Antarctic iceberg impacts on future Southern Hemisphere climate


Future iceberg and meltwater discharge from the Antarctic ice sheet (AIS) could substantially exceed present levels, with strong implications for future climate and sea levels. Recent climate model simulations on the impact of a rapid disintegration of the AIS on climate have applied idealized freshwater forcing scenarios1,2 rather than the more realistic iceberg forcing. Here we use a coupled climate–iceberg model to determine the climatic effects of combined iceberg latent heat of fusion and freshwater forcing. The iceberg forcing is derived from an ensemble of future simulations conducted using the Penn State ice-sheet model3. In agreement with previous studies, the simulated AIS meltwater forcing causes a substantial delay in greenhouse warming in the Southern Hemisphere and activates a transient positive feedback between surface freshening, subsurface warming and ice-sheet/shelf melting, which can last for about 100 years and may contribute to an accelerated ice loss around Antarctica. However, accounting further for the oceanic heat loss due to iceberg melting considerably increases the surface cooling effect and reduces the subsurface temperature feedback amplitude. Our findings document the importance of considering realistic climate–ice sheet–iceberg coupling for future climate and sea-level projections.

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Fig. 1: Meltwater forcing scenarios and associated AIS sea-level contribution.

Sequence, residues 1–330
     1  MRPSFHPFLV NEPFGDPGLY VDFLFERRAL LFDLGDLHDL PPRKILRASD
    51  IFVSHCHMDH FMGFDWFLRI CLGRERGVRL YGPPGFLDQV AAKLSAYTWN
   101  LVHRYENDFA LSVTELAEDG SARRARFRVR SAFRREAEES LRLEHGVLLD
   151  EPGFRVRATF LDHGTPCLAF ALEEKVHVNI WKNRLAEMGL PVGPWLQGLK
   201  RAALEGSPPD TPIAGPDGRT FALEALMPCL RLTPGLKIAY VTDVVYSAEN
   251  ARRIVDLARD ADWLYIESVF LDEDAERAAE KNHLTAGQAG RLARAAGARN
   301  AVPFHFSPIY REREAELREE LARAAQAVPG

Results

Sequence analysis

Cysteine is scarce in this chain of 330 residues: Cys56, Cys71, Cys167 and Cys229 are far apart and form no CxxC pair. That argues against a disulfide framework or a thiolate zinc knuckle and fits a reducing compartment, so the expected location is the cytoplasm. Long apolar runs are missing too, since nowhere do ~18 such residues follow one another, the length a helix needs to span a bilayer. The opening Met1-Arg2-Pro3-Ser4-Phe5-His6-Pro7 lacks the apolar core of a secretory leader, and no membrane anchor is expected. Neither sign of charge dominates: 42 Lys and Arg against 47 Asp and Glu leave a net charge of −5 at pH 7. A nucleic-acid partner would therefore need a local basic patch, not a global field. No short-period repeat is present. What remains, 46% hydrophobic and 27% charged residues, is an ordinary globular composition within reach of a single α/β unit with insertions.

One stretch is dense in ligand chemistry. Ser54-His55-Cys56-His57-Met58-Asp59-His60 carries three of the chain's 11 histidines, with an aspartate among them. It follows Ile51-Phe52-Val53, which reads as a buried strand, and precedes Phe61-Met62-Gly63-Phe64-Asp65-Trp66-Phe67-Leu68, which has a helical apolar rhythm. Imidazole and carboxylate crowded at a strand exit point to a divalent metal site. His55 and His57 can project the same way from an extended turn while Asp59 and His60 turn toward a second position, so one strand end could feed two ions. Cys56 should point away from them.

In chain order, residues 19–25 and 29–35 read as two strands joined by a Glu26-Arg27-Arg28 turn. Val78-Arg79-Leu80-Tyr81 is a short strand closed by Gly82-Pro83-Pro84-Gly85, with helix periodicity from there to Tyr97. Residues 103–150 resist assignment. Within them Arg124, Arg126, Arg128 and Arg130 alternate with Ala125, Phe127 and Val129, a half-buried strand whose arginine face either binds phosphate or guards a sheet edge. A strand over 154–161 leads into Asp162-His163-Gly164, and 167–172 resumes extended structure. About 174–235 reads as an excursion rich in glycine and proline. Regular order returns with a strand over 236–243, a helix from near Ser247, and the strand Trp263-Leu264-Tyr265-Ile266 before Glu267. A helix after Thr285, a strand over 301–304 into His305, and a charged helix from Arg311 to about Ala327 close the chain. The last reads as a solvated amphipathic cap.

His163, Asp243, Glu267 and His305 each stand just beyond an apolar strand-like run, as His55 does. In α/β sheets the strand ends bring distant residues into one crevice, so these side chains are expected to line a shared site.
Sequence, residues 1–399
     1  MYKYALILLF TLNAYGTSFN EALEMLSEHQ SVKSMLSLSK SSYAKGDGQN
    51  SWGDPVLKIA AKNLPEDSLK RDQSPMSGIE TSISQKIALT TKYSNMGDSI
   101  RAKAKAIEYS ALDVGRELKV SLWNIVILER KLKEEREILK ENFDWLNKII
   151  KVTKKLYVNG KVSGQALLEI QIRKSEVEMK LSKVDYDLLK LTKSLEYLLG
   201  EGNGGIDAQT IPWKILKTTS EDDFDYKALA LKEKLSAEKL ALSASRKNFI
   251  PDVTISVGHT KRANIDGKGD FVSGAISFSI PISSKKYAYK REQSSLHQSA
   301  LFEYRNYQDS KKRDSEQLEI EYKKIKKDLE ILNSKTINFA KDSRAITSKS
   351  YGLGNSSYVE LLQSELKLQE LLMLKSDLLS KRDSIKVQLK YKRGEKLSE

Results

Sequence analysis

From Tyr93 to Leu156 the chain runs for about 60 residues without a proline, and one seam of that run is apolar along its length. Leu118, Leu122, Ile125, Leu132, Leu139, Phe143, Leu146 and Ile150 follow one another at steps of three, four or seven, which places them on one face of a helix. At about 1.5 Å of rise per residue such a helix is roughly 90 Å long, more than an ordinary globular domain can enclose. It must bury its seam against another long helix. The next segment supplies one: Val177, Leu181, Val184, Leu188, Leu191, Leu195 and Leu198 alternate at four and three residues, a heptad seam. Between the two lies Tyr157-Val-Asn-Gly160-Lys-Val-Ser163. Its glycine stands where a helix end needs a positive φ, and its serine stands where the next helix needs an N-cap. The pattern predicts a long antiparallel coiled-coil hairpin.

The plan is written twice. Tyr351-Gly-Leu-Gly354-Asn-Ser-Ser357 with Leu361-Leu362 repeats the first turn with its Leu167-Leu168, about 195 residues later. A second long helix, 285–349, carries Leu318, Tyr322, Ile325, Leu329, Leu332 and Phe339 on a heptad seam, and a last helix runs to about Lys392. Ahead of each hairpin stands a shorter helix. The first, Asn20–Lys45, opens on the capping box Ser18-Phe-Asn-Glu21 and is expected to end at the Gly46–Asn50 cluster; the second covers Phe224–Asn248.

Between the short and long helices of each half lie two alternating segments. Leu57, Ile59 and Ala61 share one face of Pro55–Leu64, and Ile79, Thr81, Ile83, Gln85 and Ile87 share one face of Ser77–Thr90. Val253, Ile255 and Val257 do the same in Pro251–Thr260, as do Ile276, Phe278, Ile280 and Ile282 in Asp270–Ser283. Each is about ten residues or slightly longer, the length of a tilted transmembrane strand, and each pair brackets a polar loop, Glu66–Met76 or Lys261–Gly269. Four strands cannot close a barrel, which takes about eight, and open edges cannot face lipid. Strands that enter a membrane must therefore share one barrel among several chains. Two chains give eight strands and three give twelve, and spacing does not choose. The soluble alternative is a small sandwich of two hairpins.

Fig. 2: Uncertainty of global and Southern Hemisphere temperature trajectories related to AIS meltwater discharge.
Fig. 3: Impact of MWF on SAT.
Fig. 4: Impact of icebergs on SAT and subsurface ocean temperatures.
Fig. 5: Impact of iceberg processes on ice–ocean feedback.

Data availability

The data that support the findings of this study are available from the corresponding author on request.

Code availability

The numerical model codes that support the findings of this study are available from the corresponding author on request.


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This research was supported by the National Science Foundation under award No. 1341394. A.T. is supported by the Institute for Basic Science, South Korea (Grant No. IBS-R028-D1).

Author information

F.S., A.T. and T.F designed the study. F.S conducted the model simulations and performed the analysis. F.S. and A.T. wrote the manuscript. T.F, R.D. and D.P. contributed to the writing of the manuscript. All authors contributed to interpreting the results and made substantial improvements to the manuscript.

Correspondence to Axel Timmermann.

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Peer review information: Nature Climate Change thanks Nicolas Jourdain and the other, anonymous, reviewer(s) for their contribution to the peer review of this work.

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Supplementary Information

Supplementary Table 1 and Figs. 1–6.

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